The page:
I could have done with a closer fitting t-shirt really, and in hindsight I should have cut excess fabric off the arms because they were baggy, but you live and learn!

A FEW NOTES: Stand up straight during the taping, and try and do this step on a cool day to prevent overheating. Also, limit the time you are wrapped in all of this non-breathable tape/cling film because it can be restrictive.

It looks like a harmless activity, and it is - as long as you don't overheat, don't wrap the tape too tight, and also make sure you breathe in to fill your lungs before the tape is wrapped around you. The last thing you want to do is restrict your breathing. You want a snug fit but not uncomfortably tight.

- OK, so the first piece of duct tape should go around the body, under the chest.

- Then you add shoulder straps and a kind of 'x' shape that goes down over the centre of the chest and over to the back.

- Then it's a case of filling in the area above the under-bust line. Add horizontal strips above the chest and across the back/shoulder area, plus under the arms.

- Use short sections to gradually cover the entire bust area, trying to follow the curves as accurately as you can.

- Next it's the waist line, the hip line and the widest part of your body.

- Finally, fill the rest of the areas of the t-shirt in, fitting the tape to the body as closely as you can manage.

P.S. If you want to mark a few lines on the dress form using a Sharpie pen, now is the time to do it - for instance, centre line, waist line, hips line etc.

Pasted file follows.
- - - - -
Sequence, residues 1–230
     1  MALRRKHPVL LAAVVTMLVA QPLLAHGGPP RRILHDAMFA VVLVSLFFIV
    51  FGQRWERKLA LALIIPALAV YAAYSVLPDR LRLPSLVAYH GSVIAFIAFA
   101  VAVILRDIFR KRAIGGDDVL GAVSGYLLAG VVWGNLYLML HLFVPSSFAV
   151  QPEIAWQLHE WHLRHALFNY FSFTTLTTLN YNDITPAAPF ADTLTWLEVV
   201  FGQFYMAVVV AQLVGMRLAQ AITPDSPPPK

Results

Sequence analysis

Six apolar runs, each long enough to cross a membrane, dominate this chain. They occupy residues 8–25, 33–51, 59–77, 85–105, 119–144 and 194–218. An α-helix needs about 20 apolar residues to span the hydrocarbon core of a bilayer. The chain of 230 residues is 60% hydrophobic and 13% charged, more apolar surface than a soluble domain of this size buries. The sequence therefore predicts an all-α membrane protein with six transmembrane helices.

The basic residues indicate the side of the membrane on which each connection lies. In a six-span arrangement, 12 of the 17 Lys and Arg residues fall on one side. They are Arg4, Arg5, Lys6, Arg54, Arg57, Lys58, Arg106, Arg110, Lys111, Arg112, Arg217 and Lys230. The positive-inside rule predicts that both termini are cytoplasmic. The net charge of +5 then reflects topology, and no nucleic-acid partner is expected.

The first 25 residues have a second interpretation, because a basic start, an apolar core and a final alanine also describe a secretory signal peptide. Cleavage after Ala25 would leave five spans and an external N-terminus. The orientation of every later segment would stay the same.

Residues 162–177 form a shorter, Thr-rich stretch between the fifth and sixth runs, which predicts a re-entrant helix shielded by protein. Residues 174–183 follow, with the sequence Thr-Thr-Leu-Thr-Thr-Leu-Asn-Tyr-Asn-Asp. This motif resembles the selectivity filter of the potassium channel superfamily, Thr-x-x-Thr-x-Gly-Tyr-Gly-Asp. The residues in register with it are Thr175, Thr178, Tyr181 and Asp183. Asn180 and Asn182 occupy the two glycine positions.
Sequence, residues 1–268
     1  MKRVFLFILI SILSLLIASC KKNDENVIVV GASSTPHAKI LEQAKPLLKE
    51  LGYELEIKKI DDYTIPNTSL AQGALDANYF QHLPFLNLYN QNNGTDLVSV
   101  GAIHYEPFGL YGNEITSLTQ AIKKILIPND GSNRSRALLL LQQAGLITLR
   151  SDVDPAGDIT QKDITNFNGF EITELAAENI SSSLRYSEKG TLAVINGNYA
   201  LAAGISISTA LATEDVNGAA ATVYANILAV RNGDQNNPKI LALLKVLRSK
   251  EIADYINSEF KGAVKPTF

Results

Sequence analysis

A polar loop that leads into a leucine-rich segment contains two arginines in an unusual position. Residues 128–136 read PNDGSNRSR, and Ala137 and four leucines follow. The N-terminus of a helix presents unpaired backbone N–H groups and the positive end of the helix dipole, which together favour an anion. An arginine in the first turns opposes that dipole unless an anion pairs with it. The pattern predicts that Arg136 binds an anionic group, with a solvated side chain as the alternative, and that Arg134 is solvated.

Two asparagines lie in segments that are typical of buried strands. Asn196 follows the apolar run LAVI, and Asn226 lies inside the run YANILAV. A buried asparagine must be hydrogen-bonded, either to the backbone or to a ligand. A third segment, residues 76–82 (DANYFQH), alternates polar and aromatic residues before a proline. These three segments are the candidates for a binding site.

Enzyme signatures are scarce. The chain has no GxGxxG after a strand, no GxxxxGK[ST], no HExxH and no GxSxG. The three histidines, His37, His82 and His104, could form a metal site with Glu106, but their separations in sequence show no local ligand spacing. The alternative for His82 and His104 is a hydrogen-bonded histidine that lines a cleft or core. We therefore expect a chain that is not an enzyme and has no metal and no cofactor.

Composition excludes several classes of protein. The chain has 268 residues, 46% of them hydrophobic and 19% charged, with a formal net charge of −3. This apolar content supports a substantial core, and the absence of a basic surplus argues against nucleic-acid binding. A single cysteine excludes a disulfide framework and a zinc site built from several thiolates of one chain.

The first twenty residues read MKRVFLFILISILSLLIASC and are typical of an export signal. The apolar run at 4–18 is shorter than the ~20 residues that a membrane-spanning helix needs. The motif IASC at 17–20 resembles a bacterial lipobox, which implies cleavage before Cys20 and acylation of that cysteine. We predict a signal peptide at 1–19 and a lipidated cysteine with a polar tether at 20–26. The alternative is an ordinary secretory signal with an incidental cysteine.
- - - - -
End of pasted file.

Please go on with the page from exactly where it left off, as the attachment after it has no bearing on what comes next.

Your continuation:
To remove the tape, cut carefully up the centre of the back, from bottom to top, being careful not to cut underwear. Sorry to the Instructables Gods for cutting up one of their t-shirts!

Step 4: Tape Up the Back

This is what you should be left with after the fitting.

I then joined the edges of the back together with more duct tape, and also added a bit more duct tape around the neck hole and the arm holes for reinforcement. You want a smooth border around the armholes and neck, as this will help you later on.

Step 5: Cover Up the Arm Holes

Cut out a couple of pieces of stiff cardboard to cover the arm holes. I just guess-timated the size and shape and kept altering it until it fit well....and then made an identical one for the other side.

Because I used a t-shirt with baggy arms (as mentioned before) the armholes I had left were obviously larger than my actually arm circumference, but since they are only flat this shouldn't matter too much when it comes to fitting.

Then you just need to tape those card pieces into place so that they are covered and secure.

You may notice that I have stuffed a pillow into the dress form, and that is because it made the dress form easier to work with - much better than it being flat and flimsy.

Step 6: Neck & Shoulder Support

I've seen people use stiff cardboard and/or a hanger for this bit, so if you don't have basic woodworking equipment, don't wory there are other options :)